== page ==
I got my annual TSP (Thrift Savings Plan – like a 401(k) for government employees) statement in the mail this week.
My funds are not performing well. My account went down over 40% in 2008.
But there was some good news as well. The statement also highlights my lifetime pre-tax contributions. Thanks to agency matching, I’m still coming out ahead. Not by a whole lot, but hey, positive is positive.
For a while, I considered retreating to the “safe” funds in our TSP. A lot of federal employees made that move this year, but I decided to stay the course. I won’t be eligible to retire for almost 29 years, so there’s time for the money to come back. Plus I’m continuing to contribute, so I’m buying shares while they’re low. They might not go up this year or next year or even in the next five years, but by 29 years from now, I’m hoping for some big numbers.
I only contribute up to the agency match – 5%. If I were smart, I would be contributing the max, but that’s not really feasible right now, what with also putting the max into my Roth IRA and trying to save for a down payment on a home. Plus it would be a bit more emotionally taxing to see my hard earned money disappearing.
I can’t say what’s going to happen in 2009, but it’s not looking good. Who knows, 2010 might not be great either. But I’m not investing for a quick fix. This is for the long haul, and history shows that I am making the right move.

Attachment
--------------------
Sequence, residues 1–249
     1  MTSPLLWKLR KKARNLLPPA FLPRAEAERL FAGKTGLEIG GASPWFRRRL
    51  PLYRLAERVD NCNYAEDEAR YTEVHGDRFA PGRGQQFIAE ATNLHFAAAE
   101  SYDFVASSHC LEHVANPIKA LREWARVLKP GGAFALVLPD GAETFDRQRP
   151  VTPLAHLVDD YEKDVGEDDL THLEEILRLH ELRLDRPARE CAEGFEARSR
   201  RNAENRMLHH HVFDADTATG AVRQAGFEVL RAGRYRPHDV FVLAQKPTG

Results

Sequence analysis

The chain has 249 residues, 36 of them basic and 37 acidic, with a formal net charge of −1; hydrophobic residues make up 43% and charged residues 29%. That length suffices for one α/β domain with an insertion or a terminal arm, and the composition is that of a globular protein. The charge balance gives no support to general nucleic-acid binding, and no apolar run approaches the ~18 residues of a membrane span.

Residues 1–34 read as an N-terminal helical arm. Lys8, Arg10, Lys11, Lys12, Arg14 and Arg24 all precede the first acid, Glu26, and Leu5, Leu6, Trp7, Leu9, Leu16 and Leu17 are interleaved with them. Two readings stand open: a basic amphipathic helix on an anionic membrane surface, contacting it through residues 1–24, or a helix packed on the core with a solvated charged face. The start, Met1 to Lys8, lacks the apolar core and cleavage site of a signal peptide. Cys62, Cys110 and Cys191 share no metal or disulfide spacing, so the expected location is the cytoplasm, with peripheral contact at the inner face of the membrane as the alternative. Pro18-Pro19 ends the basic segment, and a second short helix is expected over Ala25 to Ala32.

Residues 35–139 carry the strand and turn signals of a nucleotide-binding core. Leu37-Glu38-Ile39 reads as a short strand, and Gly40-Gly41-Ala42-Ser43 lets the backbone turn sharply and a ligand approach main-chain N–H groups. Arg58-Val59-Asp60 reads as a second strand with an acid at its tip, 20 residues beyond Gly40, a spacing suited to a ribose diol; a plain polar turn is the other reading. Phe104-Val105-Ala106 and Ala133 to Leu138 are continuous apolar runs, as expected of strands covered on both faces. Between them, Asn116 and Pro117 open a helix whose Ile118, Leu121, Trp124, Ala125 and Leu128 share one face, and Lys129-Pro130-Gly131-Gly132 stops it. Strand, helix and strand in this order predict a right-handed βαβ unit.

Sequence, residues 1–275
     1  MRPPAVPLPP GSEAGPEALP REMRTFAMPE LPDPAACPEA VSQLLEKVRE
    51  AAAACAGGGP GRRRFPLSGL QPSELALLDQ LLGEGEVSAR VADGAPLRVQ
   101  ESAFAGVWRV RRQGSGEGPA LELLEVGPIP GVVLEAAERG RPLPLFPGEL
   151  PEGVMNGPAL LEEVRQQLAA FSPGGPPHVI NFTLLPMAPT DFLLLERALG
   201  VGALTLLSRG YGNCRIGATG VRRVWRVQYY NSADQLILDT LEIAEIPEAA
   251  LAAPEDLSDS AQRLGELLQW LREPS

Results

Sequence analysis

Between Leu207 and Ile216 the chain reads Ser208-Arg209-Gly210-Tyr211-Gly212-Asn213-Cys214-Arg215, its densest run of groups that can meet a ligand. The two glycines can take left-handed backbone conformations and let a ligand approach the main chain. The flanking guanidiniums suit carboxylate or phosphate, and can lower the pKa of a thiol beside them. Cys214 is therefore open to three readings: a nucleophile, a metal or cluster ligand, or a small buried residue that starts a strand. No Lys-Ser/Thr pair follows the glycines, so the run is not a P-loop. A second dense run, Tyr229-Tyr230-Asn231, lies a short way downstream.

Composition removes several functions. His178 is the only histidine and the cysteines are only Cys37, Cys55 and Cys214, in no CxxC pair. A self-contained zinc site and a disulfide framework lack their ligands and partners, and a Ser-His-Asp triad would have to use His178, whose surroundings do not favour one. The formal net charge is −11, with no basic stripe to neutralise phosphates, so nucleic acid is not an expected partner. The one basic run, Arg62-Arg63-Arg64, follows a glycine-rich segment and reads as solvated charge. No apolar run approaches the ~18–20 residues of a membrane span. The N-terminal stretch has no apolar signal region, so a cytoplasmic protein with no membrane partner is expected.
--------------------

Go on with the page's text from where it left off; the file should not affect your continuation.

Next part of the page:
Megan is a 40-something government employee in the Washington, DC area. She got interested in Personal Finance when she got out of college and realized that her paycheck wasn’t going to go as far as she had hoped. Since starting this blog, she has managed to buy a house and make a solid start on her retirement goals, and hopes to help others do the same. Here is her story:
In 2007, I was a gainfully employed 20-something with no debt but not a lot of knowledge about personal finance. It was a co-worker’s comment about Roth IRAs that sent me to the internet, searching for information. It was then that I realized that I really didn’t know a whole lot about personal finance and that my current financial situation was due a lot to inherent frugal tendencies, generous family members, a fear of debt, and good luck. While that was working for me, clearly I needed a better plan.
While I had no debt, I was also pretty much living paycheck to paycheck and not worrying about going over budget (I say this as if I had a real budget) because I had an emergency fund set aside to cover any overages.
Except that’s not what an emergency fund is for.
So I did a lot of research, read a lot of blogs, and decided that I needed a plan. I needed to budget. I needed to know what I was spending my money on. I needed to prepare for the future.
I decided to create a blog not only to make myself accountable to others but also to share the knowledge that I gained along the way. I’ve learned so much from my fellow bloggers, and I hope that my readers can find something useful in what I have to share as well.